An investigation into how work-related road safety can be enhanced
Banks, Tamara Dee (2008) An investigation into how work-related road safety can be enhanced. PhD thesis, Queensland University of Technology.
Despite the facts that vehicle incidents continue to be the most common mechanism for Australian compensated fatalities and that employers have statutory obligations to provide safe workplaces, very few organisations are proactively and comprehensively managing their work-related road risks. Unfortunately, limited guidance is provided in the existing literature to assist practitioners in managing work-related road risks. The current research addresses this gap in the literature. To explore how work-related road safety can be enhanced, three studies were conducted.
Study one explored the effectiveness of a range of risk management initiatives and whether comprehensive risk management practices were associated with safety outcomes. Study two explored barriers to, and facilitators for, accepting risk management initiatives. Study three explored the influence of organisational factors on road safety outcomes to identify optimal work environments for managing road risks.
To maximise the research sample and increase generalisability, the studies were designed to allow data collection to be conducted simultaneously drawing upon the same sample obtained from four Australian organisations. Data was collected via four methods. A structured document review of published articles was conducted to identify what outcomes have been observed in previously investigated work-related road safety initiatives. The documents reviewed collectively assessed the effectiveness of 19 work-related road safety initiatives. Audits of organisational practices and process operating within the four researched organisations were conducted to identify whether organisations with comprehensive work-related road risk management practices and processes have better safety outcomes than organisations with limited risk management practices and processes. Interviews were conducted with a sample of 24 participants, comprising 16 employees and eight managers. The interviews were conducted to identify what barriers and facilitators within organisations are involved in implementing work-related road safety initiatives and whether differences in fleet safety climate, stage of change and safety ownership relate to work-related road safety outcomes. Finally, questionnaires were administered to a sample of 679 participants. The questionnaires were conducted to identify which initiatives are perceived by employees to be effective in managing work-related road risks and whether differences in fleet safety climate, stage of change and safety ownership relate to work-related road safety outcomes.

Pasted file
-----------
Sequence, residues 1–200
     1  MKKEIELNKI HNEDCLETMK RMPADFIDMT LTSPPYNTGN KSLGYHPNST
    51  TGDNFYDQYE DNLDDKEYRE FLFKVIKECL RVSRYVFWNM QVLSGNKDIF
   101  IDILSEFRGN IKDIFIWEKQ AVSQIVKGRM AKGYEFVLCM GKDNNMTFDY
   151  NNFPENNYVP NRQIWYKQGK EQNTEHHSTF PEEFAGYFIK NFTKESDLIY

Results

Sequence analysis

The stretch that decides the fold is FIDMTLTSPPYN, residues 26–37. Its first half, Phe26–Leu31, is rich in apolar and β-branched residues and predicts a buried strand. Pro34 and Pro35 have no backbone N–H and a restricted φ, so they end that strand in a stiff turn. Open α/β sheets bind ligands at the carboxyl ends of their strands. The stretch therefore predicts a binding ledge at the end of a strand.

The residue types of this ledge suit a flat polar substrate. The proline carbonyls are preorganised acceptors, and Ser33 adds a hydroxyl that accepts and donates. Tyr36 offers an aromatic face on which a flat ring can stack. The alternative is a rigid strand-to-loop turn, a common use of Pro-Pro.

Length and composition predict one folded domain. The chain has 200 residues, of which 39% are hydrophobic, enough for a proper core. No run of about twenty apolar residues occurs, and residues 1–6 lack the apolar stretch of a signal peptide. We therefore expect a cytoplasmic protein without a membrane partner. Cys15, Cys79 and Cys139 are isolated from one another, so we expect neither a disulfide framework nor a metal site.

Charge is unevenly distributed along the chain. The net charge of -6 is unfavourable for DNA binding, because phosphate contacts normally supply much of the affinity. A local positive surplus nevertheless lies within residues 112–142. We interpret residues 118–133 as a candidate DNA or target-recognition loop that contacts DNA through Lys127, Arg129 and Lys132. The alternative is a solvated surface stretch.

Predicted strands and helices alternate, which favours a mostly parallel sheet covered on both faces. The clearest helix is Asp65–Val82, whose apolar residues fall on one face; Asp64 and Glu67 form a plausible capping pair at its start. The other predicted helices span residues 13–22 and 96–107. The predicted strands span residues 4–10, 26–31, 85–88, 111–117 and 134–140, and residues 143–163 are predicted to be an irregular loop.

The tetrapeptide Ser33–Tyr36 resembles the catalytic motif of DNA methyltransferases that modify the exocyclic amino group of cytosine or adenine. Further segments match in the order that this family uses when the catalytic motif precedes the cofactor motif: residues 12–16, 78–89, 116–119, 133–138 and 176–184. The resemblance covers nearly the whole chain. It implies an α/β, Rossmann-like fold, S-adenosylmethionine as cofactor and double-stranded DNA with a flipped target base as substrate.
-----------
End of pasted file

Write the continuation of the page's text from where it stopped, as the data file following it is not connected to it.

Seven research questions were addressed in the current research project. The key findings with respect to each of the research questions are presented below.
Research question one: What outcomes have been observed in previously investigated work-related road safety initiatives? The structured document review indicated that initiatives found to be positively associated with occupational road safety both during and after the intervention period included: a pay rise; driver training; group discussions; enlisting employees as community road safety change agents; safety reminders; and group and individual rewards.
Research question two: Which initiatives are perceived by employees to be effective in managing work-related road risks? Questionnaire findings revealed that employees believed occupational road risks could best be managed through making vehicle safety features standard, providing practical driver skills training and through investigating serious vehicle incidents. In comparison, employees believed initiatives including signing a promise card commitment to drive safely, advertising the organisation’s phone number on vehicles and consideration of driving competency in staff selection process would have limited effectiveness in managing occupational road safety.